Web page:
Sharps Injuries in the Operating Room
Sharps injury risks represent a significant area of concern in operating rooms. The Center for Disease Control and Prevention or CDC states that there are 385,000 sharps injuries to hospital-based healthcare personnel each year.
3,000 sharps injuries per year were reported from hospitals just in the state of Massachussetts alone. The greatest number of injuries happen in operating and procedure rooms – accounting for 40% to 45% of all injuries sustained. The report further states that in 2018, nurses reported more sharps injuries than any other occupation, followed closely by physicans.
Sharps Injury Case Report
A recent case report conducted in 2018 showed real world consequences of a sharps injury sustained in the operating room. During the surgical procedure, the resident turned to hand the scalpel to the scrub nurse, who was still organizing equipment. The resident went against procedure and set the scalpel down on the Mayo stand, which no one saw. The surgeon, Dr. Taylor, casually placed his left elbow on the Mayo stand, and became victim to a sharps injury. The scalpel fell to the ground, after it had penetrated his gown and skin and cut his ulnar nerve.
The ulnar nerve was repaired, but two years later Dr Taylor is still experiencing substantial dysesthesias and numbness in the ulnar nerve distribution.
Consequences of Sharps Injury
As this case study has shown, sharps injuries can lead to serious consequences. They can also cause blood-borne infections, as well as ending career prospects.
Even less serious scalpel cuts require months of blood tests to check if a serocoversion has occurred, which can be a nerve-wracking, anxiety-inducing experience.
The anxiety surrounding a sharps injury and potential loss of income can directly affect the family of the affected healthcare worker – especially if the healthcare worker is a primary provider. Sharps injuries have also been known to cost medical institutions valuable staff, and up to millions of dollars in treatment and ongoing costs (4).
Preventing Sharps Injuries
There are steps to mitigate the risks of sharps injuries in the operating room. A good and proven method is to implement the Hierarchy of Controls. Originally developed by the National Institute for Occupational Safety and Health (NIOSH) in the USA, the Hierarchy of Controls is now mandated in workplace safety legislation and regulations across the world. The hierarchy establishes five levels of hazard control measures, which are prioritised according to their effectiveness.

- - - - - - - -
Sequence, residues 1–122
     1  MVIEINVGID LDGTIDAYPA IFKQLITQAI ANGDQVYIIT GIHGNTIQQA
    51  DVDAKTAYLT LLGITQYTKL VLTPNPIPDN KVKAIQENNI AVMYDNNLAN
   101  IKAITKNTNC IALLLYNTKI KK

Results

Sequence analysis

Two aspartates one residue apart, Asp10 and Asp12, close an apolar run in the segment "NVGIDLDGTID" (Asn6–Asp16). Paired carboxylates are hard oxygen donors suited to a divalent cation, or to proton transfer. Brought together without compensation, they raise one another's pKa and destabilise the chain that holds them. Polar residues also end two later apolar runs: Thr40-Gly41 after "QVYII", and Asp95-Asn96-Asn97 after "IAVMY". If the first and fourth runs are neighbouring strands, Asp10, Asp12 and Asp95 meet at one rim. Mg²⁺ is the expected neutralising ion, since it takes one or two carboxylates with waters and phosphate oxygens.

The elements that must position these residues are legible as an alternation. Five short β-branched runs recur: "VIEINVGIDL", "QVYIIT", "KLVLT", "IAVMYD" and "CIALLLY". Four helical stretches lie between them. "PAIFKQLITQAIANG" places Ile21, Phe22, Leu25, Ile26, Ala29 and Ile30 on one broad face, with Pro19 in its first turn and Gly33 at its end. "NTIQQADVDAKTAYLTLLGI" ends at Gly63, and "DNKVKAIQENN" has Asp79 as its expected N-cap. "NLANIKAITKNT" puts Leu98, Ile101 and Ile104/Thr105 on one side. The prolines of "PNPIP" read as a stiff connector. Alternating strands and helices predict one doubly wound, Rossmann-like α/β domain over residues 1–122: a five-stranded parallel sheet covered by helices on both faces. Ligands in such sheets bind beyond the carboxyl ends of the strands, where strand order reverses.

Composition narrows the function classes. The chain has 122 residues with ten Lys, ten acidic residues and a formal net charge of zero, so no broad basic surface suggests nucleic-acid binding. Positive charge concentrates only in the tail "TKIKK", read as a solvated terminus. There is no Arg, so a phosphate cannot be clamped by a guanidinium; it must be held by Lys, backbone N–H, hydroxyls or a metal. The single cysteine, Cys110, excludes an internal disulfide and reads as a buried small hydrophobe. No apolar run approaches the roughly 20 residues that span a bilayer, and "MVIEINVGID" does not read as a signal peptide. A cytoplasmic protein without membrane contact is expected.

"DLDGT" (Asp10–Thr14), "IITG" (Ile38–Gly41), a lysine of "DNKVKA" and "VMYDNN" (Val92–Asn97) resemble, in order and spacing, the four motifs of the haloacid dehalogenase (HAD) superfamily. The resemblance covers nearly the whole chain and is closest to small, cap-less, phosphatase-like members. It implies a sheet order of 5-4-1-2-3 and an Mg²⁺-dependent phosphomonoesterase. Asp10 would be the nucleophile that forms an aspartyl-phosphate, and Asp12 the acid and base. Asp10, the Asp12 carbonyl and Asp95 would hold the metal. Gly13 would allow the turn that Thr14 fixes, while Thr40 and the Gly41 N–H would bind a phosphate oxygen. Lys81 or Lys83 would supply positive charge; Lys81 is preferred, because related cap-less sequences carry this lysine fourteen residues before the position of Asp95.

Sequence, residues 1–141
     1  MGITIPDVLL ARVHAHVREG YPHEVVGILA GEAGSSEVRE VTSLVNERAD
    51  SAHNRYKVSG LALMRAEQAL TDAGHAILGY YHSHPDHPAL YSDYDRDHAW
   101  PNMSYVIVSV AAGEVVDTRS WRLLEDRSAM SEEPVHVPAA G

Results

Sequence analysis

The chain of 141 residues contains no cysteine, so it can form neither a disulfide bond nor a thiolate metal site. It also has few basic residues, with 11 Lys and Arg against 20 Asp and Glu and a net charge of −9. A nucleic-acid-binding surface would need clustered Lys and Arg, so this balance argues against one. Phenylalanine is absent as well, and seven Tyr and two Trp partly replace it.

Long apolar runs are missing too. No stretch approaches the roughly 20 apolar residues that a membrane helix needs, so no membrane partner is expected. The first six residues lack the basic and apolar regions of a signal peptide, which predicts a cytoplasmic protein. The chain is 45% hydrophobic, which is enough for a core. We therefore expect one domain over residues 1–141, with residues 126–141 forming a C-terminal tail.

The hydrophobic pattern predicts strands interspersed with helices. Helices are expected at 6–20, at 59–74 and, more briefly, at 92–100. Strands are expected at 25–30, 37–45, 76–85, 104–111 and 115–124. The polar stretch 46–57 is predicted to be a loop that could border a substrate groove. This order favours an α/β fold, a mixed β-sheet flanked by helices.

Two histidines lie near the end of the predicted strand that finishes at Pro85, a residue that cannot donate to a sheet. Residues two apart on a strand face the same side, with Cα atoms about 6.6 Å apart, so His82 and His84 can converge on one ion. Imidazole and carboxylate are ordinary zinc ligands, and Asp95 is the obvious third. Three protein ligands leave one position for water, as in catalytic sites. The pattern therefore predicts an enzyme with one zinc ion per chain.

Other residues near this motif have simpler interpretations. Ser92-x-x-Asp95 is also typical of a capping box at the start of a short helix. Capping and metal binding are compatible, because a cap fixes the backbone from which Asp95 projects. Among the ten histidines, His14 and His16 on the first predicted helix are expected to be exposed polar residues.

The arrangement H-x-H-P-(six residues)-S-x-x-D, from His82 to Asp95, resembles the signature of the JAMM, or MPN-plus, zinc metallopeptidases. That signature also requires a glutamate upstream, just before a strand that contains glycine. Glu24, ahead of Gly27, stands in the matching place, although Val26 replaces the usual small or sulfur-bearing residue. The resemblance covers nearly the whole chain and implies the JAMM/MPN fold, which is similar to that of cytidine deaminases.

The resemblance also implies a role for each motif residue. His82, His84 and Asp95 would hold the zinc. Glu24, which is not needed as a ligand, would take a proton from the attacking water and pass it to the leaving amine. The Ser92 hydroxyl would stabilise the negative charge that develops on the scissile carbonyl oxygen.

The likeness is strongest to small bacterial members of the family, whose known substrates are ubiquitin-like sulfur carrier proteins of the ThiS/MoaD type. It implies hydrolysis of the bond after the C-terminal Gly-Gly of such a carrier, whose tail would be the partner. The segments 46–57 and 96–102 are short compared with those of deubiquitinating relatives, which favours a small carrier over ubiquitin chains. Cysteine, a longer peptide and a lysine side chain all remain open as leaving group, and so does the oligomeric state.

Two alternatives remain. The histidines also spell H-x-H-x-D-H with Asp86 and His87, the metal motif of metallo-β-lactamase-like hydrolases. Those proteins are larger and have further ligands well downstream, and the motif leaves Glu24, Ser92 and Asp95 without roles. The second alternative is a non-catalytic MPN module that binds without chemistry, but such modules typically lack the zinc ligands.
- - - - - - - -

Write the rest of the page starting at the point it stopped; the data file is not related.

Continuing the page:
In the Hierarchy of Controls, hospitals and healthcare facilities should provide safety engineered devices to prevent the increased sharps injuries being seen. Although most effective, eliminating and substituting a device is not always feasible, which is particularly the case in surgical settings. Sharps such as scalpels are required to make incisions for surgeon access, and engineering controls are the most effective control measure available.
Specifically, engineering controls incorporate safety mechanisms designed to either isolate or remove the hazard from the environment.
The Occupational Safety and Health Administration or OSHA in the US has required facilities to have the following:
- Engineering and work practice controls shall be used to eliminate or minimize employee exposure. Where occupational exposure remains after institution of these controls, personal protective equipment shall also be used.
- Engineering controls shall be examined and maintained or replaced on a regular schedule to ensure their effectiveness.
- Annual training for all employees shall be provided within one year of their previous training.
Engineering Controls against sharps injuries include safety-engineered devices such as scalpel blade removers and spring-loaded safety syringes. A scalpel blade remover which contains the used scalpel blade also protects downstream staff like cleaners from injuries. It’s also important that staff are trained in how to correctly use the safety device and all sharps control measures in place.
Qlicksmart Safety-Engineered Devices
Qlicksmart’s range of sterile single-handed scalpel blade removers help surgical facilities meet OSHA requirements in using Engineering Controls, as well as keep surgical staff safe from injuries in the Operating Room. These devices, like the Qlicksmart BladeNeedleSYSTEM, provides an easy-to-use solution and is a better alternative to safety scalpels, allowing surgeons to maintain their preferences for the standard metal handle.
Another Qlicksmart device is the multi-use BladeFlask EVO Scalpel Blade Remover. The non-sterile scalpel blade remover helps with safe and easy scalpel blade removal and containment. It’s classified as a sharps container, and removes 100 scalpel blades.
The next level down the Hierarchy of Controls is Administrative Controls. Administrative Controls are effective when used in conjunction with Engineering Controls as they help change the way people in the organisation work. Qlicksmart offers resources such as the following:
To find out more about organising a trial for your hospital with Qlicksmart safety devices, send us an email at firstname.lastname@example.org.